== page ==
Promoting Quaker Quaker as a lucrative advertising venue

I was startled today when I logged onto Quaker Quaker's Bay Area geographical list, and was greeted by the following display ad: 

 


Advertising on QuakerQuaker

 

QuakerQuaker.org reaches a highly-targeted audience of Friends and seekers. In Eighth Month 2009, it brought in over 10,000 visits and 43,000 page views. According to direct measurements from Quantcast.com, its readership is:

 

  • Affluent: 29% of its active readership comes from households making over $100,000 per year and 57% from households making over $60,000.
  • Highly educated: 48% percent have college degrees and 23% have post-graduate or graduate degrees.
  • With school-aged children: 23% have children 0-17 years old.

 

(see full adverisement at: 

 


 

The ad continues with readership statistics and further enticements to marketers. 

 

It seems to me to exploit Quakers for one of our dubious attributes:  Elite social status. 

 

How would this come across to a net surfer visiting QuakerQuaker.org to learn more about Quakerism?   It feels to me as though an important, change oriented spiritual community is promoting itself by gloating about how much privilege and wealth we enjoy. 

 

Given how many Quaker activists are grappling with Quakerism's embarassment at being predominently white, highly educated and affluent, this promotion strikes me as inconsistent with the integrity, equality and justice we seek to realize among ourselves and in relationship with the rest of Humanity. 

 

David Hoffman

Member, Redwood Forest Friends Meeting (unprogramme)

Santa Rosa, California

dhoffmanlaw@earthlink.net

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QuakerQuaker has been advertiser supported for years. It brings in about $30 a month, enough to cover server bills, the Ning.com bill and occasional feed subscription. Hardly lucrative. It doesn't begin to cover all of the billable hours I lose working on it.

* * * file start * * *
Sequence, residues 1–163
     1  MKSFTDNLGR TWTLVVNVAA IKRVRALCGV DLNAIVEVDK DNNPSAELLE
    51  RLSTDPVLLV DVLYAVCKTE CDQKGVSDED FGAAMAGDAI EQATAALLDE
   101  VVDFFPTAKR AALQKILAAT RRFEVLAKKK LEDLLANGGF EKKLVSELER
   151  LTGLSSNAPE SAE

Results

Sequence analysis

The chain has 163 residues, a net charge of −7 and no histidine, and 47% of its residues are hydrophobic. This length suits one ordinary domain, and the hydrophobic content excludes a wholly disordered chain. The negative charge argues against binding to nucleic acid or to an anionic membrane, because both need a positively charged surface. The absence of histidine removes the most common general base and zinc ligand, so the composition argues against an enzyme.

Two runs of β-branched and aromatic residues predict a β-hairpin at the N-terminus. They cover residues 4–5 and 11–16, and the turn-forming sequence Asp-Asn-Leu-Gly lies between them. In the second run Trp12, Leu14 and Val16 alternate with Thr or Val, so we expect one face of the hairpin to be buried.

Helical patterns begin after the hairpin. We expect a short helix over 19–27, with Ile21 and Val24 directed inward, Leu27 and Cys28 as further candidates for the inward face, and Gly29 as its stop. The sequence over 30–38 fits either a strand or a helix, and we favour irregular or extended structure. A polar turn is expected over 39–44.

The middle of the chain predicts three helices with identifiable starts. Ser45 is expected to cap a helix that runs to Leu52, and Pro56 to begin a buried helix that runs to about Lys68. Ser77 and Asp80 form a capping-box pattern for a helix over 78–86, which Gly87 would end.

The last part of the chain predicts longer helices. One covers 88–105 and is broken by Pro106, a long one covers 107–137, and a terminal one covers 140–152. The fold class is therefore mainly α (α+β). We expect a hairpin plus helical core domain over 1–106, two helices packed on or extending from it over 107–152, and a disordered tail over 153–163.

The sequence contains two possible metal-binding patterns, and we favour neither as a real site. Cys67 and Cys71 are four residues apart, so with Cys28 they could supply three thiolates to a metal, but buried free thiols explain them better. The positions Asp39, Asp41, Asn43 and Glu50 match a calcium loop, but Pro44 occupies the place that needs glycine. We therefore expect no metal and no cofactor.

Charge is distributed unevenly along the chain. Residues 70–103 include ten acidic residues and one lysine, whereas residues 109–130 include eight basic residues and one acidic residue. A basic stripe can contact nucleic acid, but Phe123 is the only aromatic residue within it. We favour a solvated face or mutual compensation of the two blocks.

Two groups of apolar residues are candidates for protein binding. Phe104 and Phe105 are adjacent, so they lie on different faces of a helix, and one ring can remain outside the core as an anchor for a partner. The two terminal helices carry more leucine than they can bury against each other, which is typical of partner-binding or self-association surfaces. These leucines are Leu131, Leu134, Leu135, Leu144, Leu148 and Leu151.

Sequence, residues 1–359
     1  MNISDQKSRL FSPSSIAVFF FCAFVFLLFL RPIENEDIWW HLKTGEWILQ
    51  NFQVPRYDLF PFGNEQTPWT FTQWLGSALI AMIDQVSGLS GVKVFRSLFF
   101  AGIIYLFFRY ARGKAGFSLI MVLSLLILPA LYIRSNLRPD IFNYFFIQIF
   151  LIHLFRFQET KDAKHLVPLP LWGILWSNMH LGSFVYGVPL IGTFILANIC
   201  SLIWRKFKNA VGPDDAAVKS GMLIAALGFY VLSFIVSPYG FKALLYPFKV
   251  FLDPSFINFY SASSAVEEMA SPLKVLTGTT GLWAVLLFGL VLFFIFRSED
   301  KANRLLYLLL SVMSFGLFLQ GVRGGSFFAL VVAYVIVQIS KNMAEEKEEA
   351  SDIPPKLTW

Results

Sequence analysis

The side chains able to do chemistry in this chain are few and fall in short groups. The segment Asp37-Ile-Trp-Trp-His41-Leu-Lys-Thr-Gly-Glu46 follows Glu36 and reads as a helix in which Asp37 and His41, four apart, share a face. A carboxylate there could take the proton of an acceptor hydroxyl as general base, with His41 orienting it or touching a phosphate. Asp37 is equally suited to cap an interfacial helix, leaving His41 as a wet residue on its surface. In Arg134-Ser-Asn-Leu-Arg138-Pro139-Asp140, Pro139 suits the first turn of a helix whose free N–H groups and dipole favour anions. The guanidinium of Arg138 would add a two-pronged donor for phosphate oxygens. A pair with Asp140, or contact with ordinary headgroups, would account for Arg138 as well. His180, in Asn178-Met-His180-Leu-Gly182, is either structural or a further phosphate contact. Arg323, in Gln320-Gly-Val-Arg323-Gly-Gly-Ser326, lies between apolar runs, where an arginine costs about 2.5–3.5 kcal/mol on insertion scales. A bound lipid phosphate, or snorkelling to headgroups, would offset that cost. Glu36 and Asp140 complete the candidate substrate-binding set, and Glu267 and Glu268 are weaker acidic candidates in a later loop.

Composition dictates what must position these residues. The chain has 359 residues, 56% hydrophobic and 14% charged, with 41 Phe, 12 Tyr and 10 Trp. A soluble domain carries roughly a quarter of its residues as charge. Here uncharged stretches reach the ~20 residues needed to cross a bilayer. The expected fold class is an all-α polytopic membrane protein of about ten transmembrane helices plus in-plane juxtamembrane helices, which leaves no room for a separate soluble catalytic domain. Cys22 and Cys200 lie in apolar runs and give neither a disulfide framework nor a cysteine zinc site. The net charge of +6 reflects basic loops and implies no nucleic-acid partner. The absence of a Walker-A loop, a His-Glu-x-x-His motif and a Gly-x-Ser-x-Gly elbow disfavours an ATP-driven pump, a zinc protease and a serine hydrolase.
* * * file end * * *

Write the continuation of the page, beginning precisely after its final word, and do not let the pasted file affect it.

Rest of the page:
Most Quaker publications are ad supported. The site also includes a rather large Donate button. If more people clicked on that I'd certainly consider turning the ads off.
Dear Martin,

I agree with your use of advertiser support. I don't criticize you or Quaker Quaker for arranging it. I appreciate and value your creation of Quaker Quaker, and the access and networking which it provides to so many of us.

I have serious concerns about the content of this particular ad-promo.

Repeating that concern:

The citing of Quaker Quaker users' affluence and high percentage of college and post-graduate degree holders to make our us attractive to commercial advertisers boasts of our privilege and is inconsistent with the integrity, equality and justice we seek to realize among ourselves and in relationship with the rest of Humanity.

I am guessing this is a generically formatted ad, and the statement about "affluent" is not your wording, but is generated by Quantcast.com software, after it extracts user data and determines that our average or median income is high enough to support the claim we are affluent.

What about replacing that notice with something worded differently, perhaps with a link to Quantcast.com's profile of Quaker Quaker users, click data, etc.?

David Hoffman

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